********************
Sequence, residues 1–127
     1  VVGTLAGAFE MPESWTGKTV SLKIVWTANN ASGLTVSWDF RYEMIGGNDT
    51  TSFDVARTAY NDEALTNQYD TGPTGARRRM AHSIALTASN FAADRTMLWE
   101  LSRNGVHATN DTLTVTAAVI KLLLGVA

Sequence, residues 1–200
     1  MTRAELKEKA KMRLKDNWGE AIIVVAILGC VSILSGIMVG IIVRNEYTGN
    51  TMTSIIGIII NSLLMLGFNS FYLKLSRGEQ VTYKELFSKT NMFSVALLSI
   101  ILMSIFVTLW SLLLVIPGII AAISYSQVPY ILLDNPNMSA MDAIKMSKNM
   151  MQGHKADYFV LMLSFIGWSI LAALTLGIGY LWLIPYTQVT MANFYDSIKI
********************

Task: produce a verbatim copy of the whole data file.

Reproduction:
Sequence, residues 1–127
     1  VVGTLAGAFE MPESWTGKTV SLKIVWTANN ASGLTVSWDF RYEMIGGNDT
    51  TSFDVARTAY NDEALTNQYD TGPTGARRRM AHSIALTASN FAADRTMLWE
   101  LSRNGVHATN DTLTVTAAVI KLLLGVA

Sequence, residues 1–200
     1  MTRAELKEKA KMRLKDNWGE AIIVVAILGC VSILSGIMVG IIVRNEYTGN
    51  TMTSIIGIII NSLLMLGFNS FYLKLSRGEQ VTYKELFSKT NMFSVALLSI
   101  ILMSIFVTLW SLLLVIPGII AAISYSQVPY ILLDNPNMSA MDAIKMSKNM
   151  MQGHKADYFV LMLSFIGWSI LAALTLGIGY LWLIPYTQVT MANFYDSIKI